The supply of food staples to a specific segment of Rome’s population—whose income or property were below a certain amount—was a prime concern in the late-Republican and imperial period, as it could earn vast numbers of votes and keep the potentially dangerous lower-class citizens at bay. Most of the subsidised foodstuffs were imported from Africa: the logistics of transporting the staples to Rome was extremely elaborate, but the efficient control of the food supply was a key to the control of Rome itself.
Despite the risks of seaborne transport, shipping goods by sea was much cheaper than by land. Ancient navigation rarely involved direct sailing on the open sea: ships and sailors were often constrained to coastal journeys. Sailing routes in the ancient Mediterranean have been compared to beaded strings, the beads being the manifold harbours and anchorages where ships could find shelter along their journeys. Building on the archaeological evidence of a group of maritime imperial villas on the coast of southern Etruria, and combining it with literary sources relevant to navigation routes in the central Mediterranean, the lecture will seek to reconstruct the logistics of the transport of the dole between Tunisia and Italy.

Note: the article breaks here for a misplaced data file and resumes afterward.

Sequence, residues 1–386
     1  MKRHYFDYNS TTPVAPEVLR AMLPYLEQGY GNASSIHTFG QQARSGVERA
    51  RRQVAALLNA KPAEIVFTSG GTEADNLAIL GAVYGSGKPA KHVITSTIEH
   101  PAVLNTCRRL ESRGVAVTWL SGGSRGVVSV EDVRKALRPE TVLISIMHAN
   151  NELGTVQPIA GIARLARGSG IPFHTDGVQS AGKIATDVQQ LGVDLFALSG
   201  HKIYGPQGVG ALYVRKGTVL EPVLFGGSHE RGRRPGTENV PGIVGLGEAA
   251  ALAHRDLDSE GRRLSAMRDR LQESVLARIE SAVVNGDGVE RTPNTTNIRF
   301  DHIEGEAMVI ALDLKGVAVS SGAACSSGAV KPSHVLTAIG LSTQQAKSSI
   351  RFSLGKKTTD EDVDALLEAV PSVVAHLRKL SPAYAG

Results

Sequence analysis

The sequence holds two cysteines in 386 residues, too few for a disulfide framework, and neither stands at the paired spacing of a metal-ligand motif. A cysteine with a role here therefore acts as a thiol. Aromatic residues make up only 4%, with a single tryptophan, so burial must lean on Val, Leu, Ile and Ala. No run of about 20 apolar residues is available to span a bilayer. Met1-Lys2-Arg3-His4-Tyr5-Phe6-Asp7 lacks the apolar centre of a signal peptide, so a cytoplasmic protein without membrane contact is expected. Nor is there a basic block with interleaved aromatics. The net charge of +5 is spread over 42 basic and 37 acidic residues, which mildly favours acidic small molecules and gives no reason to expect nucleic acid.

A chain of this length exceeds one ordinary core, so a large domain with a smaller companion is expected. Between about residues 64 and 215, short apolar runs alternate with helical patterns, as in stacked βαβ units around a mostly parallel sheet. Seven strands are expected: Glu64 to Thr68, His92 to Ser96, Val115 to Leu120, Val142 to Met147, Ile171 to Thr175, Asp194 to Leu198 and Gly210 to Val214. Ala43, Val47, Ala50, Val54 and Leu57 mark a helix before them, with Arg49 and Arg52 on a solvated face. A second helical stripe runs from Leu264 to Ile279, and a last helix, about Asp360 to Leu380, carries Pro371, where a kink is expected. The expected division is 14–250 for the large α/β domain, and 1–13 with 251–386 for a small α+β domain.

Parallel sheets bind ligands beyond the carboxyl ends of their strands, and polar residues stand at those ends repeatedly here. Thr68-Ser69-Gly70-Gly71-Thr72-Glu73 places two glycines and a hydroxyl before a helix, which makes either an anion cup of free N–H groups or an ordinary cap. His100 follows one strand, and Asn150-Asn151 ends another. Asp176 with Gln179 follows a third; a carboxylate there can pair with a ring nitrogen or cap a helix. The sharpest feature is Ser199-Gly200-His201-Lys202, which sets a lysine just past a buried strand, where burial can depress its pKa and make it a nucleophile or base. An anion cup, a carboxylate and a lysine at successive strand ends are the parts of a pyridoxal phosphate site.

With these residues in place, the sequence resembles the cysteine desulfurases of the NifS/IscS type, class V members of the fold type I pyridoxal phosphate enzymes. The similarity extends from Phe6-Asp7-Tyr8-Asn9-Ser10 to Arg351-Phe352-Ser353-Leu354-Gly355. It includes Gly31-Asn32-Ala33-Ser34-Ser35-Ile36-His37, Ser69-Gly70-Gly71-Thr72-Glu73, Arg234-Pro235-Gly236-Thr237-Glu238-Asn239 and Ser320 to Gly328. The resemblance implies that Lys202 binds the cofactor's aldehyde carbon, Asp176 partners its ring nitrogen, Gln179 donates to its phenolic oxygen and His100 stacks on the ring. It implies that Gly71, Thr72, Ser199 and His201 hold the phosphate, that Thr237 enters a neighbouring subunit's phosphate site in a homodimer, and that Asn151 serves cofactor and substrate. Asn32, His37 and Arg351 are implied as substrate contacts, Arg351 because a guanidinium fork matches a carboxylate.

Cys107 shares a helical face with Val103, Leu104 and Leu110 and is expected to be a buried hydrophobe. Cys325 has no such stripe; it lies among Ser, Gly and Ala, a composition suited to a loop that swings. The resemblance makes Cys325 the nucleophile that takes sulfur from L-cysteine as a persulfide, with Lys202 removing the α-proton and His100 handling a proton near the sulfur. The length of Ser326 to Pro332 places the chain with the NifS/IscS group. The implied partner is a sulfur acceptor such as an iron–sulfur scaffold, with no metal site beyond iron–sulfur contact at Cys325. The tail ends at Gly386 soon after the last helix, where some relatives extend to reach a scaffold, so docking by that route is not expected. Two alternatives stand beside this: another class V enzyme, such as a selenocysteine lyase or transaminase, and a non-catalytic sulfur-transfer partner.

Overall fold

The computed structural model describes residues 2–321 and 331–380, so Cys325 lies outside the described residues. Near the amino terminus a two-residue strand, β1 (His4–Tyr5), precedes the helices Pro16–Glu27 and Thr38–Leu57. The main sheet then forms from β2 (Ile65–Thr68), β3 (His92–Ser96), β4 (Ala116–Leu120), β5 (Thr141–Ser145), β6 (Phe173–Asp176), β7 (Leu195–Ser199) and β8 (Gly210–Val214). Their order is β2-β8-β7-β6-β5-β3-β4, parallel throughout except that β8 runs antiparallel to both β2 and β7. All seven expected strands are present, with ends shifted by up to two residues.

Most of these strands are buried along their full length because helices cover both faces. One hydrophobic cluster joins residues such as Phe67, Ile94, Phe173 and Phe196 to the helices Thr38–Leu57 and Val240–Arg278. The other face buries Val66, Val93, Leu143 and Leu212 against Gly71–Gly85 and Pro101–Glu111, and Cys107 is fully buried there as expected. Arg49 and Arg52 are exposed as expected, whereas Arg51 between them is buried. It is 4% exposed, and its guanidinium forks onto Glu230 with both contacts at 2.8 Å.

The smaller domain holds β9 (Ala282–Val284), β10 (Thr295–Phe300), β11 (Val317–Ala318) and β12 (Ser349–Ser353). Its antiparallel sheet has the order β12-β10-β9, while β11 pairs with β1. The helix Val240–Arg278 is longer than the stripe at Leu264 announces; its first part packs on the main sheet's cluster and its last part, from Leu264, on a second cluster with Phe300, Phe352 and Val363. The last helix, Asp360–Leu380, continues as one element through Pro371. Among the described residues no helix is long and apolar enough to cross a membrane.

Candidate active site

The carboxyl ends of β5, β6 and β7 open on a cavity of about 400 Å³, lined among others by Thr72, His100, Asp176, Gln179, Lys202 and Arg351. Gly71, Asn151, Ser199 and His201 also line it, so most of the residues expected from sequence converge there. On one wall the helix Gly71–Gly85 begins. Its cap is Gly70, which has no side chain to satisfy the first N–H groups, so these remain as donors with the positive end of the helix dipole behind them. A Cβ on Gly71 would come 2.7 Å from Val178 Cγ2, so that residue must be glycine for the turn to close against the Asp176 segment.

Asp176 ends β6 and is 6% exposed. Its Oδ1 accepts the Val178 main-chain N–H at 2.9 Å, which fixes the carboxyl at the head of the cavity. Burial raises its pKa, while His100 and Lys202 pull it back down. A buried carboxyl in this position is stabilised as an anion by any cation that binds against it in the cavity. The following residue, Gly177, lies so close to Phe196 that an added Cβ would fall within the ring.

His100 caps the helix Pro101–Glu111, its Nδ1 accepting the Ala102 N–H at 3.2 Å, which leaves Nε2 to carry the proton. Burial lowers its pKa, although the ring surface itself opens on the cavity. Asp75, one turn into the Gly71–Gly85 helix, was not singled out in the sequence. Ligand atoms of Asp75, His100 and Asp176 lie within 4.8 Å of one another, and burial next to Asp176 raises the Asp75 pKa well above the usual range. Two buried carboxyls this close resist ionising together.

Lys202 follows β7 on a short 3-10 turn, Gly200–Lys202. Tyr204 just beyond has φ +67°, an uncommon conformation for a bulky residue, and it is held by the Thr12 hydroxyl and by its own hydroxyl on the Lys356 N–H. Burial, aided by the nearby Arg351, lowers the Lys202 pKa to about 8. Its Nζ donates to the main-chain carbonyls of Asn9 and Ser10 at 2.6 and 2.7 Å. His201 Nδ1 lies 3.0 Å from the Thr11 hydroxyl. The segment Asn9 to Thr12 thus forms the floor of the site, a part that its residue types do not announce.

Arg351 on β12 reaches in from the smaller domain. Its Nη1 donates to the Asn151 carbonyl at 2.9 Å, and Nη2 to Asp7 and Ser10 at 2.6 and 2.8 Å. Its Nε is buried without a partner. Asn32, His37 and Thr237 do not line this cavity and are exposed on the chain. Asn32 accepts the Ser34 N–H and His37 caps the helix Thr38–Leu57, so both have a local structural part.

This event will be in English.
CITY OF ROME LECTURE SERIES
Alice Poletto is Rome Fellow at the British School at Rome. After reading Archaeology at Sapienza University of Rome, where she earned her BA (2014) and MA (2016), she obtained a DPhil in Classical Archaeology from the University of Oxford (2022), where she examined the functions and usage patterns of post-Hadrianic imperial villas in Italy. For her Rome Fellowship she is following in the same line of research, looking at maritime imperial villas and investigating their functions as intermediate ports the routes between Africa and Rome. Her primary interest is the architecture of the Roman imperial period, with a focus on domus and uillae, of which she investigates space-usage patterns.
Alongside academic research, Alice is an active field archaeologist. She has participated in excavations in Italy, Turkey, Morocco, and Kosovo, and since 2017 she is a member of the APAHA Tibur Project carried out by Columbia University at Hadrian’s Villa.
The event will be held both in-person and online. No registration is required to attend in person, to attend online please register on zoom. We look forward to seeing you soon!